Where CrowdOptic’s technology comes into play with NBL’s system, starts with the first patented solution it created for wearable technologies, such as Google Glass. “With its partnership with CrowdOptic, NBL can now reach a nearly unlimited number of physicians, healthcare workers, and sales teams,” Fisher shared with us. “NBL now has the ability, thanks to Live Connect™, to take this technology and empower anyone to create their own teaching environment anywhere in the world. Now ORs, surgical centers, and home offices can set up their own teaching studios for an unlimited number of people to learn and interact remotely. The more we can improve this type of education, the better the patient outcomes will be for all.”
And what does Hampers and NBL have to say about the partnership? “We can’t accept lag times, fuzzy images, or unsecured technology,” Hampers added. “So we designed a medical-grade system to be 100% reliable with razor sharp images and real-time audio, and top-tier security that is HIPAA compliant.”
NBL was founded by board-certified physicians and educators to help improve patient outcomes by using CrowdOptic’s state-of-the-art facilities to help train doctors on proper techniques when working with new medical implants.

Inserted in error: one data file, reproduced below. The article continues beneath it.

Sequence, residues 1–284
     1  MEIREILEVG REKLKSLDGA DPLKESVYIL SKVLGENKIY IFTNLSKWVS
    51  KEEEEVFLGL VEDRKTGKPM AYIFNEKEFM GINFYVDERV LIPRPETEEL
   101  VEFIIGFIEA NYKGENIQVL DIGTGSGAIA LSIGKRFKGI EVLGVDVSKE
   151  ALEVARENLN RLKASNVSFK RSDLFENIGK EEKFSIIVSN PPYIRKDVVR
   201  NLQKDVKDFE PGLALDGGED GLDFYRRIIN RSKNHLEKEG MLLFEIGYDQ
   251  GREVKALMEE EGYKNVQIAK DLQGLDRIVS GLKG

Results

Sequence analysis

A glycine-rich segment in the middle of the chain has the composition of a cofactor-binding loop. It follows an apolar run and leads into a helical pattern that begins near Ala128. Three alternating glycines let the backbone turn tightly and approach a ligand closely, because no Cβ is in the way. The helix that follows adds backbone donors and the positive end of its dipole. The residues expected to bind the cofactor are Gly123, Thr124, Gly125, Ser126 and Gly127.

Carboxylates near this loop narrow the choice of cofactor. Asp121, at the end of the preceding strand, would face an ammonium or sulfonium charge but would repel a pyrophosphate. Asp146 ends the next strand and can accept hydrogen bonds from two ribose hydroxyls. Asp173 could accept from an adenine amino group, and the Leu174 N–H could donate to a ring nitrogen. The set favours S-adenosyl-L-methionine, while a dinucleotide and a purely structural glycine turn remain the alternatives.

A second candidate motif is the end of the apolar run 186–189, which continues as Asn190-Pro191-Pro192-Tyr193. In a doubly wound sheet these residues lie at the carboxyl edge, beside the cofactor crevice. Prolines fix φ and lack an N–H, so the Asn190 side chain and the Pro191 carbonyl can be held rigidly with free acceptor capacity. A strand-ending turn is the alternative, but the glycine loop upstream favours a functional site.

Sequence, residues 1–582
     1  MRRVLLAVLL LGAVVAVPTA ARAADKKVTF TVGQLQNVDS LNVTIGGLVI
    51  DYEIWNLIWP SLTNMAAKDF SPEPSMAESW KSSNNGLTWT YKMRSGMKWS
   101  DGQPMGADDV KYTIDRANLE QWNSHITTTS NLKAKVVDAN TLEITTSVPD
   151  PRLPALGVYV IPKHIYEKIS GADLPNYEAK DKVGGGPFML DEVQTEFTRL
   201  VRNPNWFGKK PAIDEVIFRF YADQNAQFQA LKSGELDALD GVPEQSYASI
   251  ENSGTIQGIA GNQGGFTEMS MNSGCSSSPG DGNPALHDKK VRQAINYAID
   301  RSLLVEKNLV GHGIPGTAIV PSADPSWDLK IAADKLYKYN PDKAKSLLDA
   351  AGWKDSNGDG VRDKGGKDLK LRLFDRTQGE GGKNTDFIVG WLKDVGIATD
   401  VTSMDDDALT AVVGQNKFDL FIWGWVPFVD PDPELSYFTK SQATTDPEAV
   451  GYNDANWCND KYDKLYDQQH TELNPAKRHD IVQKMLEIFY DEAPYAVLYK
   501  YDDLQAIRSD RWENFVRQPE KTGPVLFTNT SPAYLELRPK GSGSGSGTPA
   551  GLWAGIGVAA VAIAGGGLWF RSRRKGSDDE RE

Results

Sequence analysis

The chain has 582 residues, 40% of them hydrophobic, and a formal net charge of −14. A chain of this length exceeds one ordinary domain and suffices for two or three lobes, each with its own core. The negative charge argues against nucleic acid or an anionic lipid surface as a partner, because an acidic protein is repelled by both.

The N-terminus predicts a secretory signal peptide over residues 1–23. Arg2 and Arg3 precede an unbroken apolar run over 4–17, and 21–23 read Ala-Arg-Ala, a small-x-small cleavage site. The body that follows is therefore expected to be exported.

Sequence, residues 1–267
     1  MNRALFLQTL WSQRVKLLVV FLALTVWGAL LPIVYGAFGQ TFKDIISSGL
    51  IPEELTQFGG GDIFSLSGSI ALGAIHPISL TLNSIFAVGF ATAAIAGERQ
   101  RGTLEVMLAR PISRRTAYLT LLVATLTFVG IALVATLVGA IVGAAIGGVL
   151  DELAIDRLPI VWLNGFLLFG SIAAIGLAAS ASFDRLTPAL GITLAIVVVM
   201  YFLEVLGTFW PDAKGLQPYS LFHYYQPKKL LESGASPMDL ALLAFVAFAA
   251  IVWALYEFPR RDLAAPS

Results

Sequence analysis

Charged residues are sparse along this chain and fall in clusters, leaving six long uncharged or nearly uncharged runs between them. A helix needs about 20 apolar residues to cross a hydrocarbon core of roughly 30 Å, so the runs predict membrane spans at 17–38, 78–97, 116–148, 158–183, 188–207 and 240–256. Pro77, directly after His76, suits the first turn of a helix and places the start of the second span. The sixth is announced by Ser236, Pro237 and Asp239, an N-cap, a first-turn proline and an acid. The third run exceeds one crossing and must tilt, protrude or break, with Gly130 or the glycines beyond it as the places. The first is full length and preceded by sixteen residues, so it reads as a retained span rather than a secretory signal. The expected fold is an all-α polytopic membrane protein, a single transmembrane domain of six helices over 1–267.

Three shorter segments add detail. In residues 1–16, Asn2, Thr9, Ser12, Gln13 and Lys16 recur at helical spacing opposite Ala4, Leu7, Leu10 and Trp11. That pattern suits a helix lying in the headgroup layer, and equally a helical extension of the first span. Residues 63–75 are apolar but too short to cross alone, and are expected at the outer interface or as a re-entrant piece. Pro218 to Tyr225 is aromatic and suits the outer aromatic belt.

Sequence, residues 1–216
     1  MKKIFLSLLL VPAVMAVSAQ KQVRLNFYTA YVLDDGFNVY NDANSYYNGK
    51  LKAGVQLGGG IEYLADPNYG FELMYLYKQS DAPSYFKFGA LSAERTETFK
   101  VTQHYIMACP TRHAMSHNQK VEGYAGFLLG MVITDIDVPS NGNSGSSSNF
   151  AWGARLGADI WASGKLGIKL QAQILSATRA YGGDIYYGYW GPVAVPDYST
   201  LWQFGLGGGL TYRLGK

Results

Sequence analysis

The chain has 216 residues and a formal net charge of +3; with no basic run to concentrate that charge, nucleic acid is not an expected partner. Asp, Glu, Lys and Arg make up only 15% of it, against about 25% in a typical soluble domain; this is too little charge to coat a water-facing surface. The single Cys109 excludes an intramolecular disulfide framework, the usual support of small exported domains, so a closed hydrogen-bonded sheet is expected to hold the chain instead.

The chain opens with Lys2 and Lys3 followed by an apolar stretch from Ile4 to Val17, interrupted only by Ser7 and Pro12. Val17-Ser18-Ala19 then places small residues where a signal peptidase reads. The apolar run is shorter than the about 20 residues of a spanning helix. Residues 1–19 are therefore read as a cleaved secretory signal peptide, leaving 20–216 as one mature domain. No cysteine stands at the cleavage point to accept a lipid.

But as we turn back to the state of our economy today, we look to both technology and legislation. To help address the physician shortage, the bipartisan Resident Physician Shortage Reduction Act of 2019 ( S. 348, H.R. 1763) has been introduced in Congress to provide increased Medicare support for an additional 3,000 new residency positions each year over the next five years. “The data consistently show a significant physician shortage. Because it takes seven to 15 years to train a doctor, we urge Congress to remove the freeze on federal funding for residency training that has been in place for over two decades without delay.”
As for the future of CrowdOptic and NBL’s technological partnership, think of this as a “plug and play” for remote physician care. The technology features low latency video/audio live streaming (less than 0.2 seconds), the ability to simulcast streams from any medical equipment with video output, as well as from the included 4K pan-tilt-zoom cameras that can be controlled remotely. It also offers user-friendly options like webcam sharing, screen sharing, annotation, and dial-in phone conferencing. Host companies can stream from as many devices as they need and can hold simultaneous events from different locations.
COVID-19 has sparked a revolutionary change in the way that medical attention is provided in 2020, now providing physicians with the tools to “always be available” and for consumers to never be deprived of medical care. This is how augmented reality should be used and this is the way in which we can see its mass adoption.